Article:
According to the Centers for Disease Control and Prevention, measles is a highly infectious viral illness that can cause severe pneumonia, encephalitis, and death. Although an effective vaccine has been available since 1963, millions of measles cases and nearly half a million measles deaths occur annually worldwide. In the United States, ongoing measles transmission has been eliminated because of high levels of vaccination among children.
In this personal account, Dr. Ouellette vividly describes her own experience with measles infection in 1937. As an eight-year-old girl, she suffered for days with an extremely high fever from measles. Here is her story:
I was alone on a small mattress on a very stormy sea with enormous waves surging over me. A large whale kept trying to board the mattress to devour me.
I was 8 years old and had measles and a fever of over 105°F. My memories of that time are hazy, but 60 years later I still remember the terror of that repetitive delusion and visual hallucination. My parents later told me that I kept screaming for several days as my fever remained above 105°F, and I described what I thought I was experiencing. It was 20 years later when I became a pediatric resident that I realized I had endured central nervous system complications of measles and was very lucky to have escaped with no permanent damage.
At its peak in the United States (before the measles vaccine became available in 1963), there were more than 494,000 cases of measles in one year. Measles killed 3,000 children and resulted in 48,000 hospitalizations annually. In 2002, thanks to immunizations, there were 44 cases of measles reported in the United States.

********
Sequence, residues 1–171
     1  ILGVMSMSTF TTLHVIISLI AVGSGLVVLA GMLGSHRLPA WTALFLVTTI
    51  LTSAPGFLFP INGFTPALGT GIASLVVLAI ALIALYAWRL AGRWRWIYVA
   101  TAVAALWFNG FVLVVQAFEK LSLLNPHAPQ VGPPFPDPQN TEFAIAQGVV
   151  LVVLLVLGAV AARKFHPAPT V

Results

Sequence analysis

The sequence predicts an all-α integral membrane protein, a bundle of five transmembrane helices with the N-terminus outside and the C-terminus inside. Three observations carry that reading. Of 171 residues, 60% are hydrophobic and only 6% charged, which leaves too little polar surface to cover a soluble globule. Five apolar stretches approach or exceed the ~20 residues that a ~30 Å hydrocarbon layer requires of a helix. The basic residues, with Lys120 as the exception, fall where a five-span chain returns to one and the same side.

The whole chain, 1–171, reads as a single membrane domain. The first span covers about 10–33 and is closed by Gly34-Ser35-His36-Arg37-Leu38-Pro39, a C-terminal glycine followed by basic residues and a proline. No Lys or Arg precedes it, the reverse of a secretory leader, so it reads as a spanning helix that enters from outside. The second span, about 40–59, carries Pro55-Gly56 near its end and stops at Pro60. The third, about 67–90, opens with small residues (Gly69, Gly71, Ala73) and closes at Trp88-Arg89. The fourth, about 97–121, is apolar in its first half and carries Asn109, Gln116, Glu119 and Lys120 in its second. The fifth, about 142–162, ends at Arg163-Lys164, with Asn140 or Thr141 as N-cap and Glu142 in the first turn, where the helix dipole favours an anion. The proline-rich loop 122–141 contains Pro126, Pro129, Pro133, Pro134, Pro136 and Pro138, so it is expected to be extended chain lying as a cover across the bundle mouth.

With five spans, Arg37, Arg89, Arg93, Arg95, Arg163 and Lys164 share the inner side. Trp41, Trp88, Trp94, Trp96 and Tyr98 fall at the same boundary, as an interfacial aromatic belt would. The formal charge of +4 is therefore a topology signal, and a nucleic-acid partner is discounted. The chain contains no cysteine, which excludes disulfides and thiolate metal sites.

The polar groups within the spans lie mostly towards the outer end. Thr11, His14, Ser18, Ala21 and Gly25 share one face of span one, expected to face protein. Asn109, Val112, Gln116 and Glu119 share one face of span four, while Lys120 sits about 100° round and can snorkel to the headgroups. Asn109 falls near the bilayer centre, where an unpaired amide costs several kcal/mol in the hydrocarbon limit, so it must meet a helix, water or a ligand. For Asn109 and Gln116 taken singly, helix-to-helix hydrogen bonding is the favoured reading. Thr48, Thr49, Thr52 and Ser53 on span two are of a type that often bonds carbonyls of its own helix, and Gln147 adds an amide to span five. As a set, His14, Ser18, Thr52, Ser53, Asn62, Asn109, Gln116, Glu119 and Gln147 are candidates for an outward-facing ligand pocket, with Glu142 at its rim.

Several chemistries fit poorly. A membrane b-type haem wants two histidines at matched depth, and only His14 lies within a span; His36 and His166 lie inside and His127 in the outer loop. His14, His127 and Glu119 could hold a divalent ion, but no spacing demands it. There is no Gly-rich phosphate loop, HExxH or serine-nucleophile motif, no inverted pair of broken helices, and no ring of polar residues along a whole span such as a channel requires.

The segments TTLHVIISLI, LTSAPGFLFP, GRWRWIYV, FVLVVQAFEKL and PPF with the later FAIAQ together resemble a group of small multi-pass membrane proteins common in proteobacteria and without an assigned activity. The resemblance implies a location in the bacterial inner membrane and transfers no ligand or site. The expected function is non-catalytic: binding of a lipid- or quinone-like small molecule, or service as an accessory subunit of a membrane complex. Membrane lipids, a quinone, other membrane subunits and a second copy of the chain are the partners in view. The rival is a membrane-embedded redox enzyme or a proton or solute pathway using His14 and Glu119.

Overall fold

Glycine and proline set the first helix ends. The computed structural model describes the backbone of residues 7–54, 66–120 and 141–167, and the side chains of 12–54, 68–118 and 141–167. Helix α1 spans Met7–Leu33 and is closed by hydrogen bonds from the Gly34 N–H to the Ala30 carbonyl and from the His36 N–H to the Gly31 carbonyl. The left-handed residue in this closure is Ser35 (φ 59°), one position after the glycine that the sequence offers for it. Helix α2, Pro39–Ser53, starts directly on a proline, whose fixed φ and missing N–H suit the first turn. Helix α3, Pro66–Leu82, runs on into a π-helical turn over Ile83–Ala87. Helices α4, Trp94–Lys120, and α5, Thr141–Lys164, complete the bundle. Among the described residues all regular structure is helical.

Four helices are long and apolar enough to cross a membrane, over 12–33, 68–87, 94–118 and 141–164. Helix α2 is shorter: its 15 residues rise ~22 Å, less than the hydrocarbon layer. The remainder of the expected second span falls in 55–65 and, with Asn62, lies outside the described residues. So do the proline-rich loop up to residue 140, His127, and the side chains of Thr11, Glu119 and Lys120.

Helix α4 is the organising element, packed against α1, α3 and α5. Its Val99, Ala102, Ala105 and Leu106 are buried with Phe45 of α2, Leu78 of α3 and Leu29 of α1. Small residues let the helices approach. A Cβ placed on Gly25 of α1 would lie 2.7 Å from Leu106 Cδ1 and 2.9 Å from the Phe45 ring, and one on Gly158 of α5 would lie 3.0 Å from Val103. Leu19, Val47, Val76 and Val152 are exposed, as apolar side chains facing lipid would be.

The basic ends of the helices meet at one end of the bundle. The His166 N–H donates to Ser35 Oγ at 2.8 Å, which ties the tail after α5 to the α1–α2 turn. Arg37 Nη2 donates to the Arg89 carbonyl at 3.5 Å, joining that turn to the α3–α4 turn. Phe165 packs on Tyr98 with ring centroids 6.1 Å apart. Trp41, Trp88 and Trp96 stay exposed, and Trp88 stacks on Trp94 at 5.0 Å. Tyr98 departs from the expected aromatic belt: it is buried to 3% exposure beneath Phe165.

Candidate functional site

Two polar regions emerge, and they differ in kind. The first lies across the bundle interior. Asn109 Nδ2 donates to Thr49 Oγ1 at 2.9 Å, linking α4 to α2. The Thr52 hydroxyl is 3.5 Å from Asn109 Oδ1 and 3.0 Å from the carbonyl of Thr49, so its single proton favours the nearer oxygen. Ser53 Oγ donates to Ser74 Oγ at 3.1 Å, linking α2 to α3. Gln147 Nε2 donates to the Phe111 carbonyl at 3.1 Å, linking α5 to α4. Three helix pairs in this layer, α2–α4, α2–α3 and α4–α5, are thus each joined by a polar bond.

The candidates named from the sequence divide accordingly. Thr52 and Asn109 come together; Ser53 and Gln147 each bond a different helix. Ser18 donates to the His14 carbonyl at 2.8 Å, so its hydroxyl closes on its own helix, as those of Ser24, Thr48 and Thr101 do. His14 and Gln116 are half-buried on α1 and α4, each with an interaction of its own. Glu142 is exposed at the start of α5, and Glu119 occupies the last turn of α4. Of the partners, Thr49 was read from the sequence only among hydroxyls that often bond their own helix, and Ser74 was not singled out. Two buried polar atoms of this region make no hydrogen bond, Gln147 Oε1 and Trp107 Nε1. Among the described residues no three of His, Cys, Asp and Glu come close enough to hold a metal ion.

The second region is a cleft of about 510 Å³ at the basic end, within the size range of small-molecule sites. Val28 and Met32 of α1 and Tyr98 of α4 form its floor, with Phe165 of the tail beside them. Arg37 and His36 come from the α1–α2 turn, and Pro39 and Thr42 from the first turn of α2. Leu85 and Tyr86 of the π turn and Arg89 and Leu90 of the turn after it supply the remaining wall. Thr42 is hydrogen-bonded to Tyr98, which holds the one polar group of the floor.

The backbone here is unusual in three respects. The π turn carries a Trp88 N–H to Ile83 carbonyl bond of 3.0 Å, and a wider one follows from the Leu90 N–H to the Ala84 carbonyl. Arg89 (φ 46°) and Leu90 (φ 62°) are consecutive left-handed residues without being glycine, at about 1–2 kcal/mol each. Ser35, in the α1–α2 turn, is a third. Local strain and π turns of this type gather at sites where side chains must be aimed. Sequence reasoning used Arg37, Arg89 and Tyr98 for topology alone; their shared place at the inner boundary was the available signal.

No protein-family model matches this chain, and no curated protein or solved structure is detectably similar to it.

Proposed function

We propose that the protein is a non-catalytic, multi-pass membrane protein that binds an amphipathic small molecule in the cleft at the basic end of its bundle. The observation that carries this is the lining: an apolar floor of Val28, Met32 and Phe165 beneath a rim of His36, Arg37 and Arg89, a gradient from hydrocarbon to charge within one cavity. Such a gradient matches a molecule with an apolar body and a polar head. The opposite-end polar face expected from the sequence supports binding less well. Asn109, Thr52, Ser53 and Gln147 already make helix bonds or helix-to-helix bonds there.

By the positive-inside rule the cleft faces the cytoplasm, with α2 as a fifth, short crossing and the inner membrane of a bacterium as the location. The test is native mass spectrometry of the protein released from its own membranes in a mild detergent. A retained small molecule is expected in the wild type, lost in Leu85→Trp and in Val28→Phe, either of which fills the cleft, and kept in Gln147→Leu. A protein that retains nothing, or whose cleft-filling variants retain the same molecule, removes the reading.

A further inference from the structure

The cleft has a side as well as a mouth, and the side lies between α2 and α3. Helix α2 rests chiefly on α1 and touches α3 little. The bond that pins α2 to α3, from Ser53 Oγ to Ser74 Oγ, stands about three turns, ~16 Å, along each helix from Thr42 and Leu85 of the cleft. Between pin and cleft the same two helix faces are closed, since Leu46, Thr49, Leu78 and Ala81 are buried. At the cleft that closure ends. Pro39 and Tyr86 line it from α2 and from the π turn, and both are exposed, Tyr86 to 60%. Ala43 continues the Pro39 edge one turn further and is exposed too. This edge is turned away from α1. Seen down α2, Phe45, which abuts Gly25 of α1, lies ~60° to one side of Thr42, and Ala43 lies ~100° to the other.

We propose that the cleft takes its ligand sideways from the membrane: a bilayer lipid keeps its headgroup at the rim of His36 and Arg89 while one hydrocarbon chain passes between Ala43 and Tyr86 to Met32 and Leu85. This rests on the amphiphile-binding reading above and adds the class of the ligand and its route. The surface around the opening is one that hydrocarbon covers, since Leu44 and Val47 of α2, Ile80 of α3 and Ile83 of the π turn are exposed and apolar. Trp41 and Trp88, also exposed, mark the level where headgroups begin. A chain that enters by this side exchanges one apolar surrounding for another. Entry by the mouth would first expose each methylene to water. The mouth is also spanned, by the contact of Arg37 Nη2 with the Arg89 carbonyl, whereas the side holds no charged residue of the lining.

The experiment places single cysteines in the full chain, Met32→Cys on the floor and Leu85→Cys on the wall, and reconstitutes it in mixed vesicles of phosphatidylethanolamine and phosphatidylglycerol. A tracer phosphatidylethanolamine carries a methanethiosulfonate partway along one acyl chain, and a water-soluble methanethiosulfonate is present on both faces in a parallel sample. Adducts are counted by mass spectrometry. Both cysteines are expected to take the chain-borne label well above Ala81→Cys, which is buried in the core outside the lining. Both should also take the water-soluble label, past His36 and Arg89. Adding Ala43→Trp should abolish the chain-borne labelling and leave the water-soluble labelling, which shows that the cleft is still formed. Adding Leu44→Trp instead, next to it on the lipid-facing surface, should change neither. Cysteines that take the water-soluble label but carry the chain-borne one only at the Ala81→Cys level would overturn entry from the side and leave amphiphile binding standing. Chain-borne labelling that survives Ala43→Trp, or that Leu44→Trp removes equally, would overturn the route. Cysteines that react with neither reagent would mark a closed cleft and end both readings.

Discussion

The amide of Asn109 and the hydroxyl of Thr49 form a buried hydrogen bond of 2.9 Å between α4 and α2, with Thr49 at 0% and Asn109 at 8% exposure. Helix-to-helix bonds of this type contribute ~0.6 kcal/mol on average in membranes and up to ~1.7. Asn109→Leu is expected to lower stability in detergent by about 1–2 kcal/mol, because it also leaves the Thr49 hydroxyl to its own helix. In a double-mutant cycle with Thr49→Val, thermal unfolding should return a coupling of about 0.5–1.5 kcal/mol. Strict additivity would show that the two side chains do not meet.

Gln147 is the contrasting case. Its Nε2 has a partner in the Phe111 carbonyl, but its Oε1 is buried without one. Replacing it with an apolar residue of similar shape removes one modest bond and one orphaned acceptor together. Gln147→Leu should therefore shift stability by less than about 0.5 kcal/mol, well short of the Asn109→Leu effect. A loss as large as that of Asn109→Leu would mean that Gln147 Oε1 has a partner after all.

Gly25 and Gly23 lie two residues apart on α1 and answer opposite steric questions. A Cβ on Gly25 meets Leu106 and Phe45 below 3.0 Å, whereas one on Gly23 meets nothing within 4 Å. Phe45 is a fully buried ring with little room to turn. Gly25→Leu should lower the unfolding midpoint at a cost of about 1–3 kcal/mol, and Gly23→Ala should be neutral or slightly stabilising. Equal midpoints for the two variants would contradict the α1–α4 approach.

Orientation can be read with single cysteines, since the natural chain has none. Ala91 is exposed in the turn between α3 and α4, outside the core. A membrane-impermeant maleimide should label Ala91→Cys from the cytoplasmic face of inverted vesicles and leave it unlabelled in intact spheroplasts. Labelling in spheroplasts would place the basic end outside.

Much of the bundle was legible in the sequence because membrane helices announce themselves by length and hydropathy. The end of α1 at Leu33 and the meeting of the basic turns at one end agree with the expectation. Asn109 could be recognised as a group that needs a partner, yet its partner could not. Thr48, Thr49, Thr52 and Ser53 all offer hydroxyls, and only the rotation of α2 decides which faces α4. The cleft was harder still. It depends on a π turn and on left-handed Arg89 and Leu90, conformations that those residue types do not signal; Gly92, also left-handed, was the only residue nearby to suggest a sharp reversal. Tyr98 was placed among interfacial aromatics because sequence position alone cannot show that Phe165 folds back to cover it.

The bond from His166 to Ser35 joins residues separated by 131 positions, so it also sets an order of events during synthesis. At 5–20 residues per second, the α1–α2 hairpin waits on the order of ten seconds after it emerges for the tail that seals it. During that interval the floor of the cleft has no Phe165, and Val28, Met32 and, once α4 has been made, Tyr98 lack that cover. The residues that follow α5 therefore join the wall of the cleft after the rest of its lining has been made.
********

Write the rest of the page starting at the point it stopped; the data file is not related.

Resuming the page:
Most parents, and many grandparents, have no personal experience of seeing children suffer from these severe childhood illnesses: diphtheria, whooping cough, polio, mumps, chickenpox, and H. influenzae meningitis. Consequently, they may not appreciate the seriousness of these diseases or wrongly believe they no longer exist.
It is vital that we continue to immunize our children against these preventable diseases or else they will return. Each of these diseases, after all, is just a plane ride away.
Unfortunately, there is much misinformation about vaccines, some of it on the internet. The American Academy of Pediatrics (AAP) for parents, provides you with accurate information about immunizations. AAP encourages you to discuss any questions you may have with your pediatrician or other healthcare professional.
Eileen M. Ouellette, MD, JD, F.A.A.P.
American Academy of Pediatrics
Disclaimer: Immunize.org publishes Unprotected People Stories about people who have suffered or died from vaccine-preventable diseases for the purpose of making them available for our readers’ review. We have not verified the content of this report.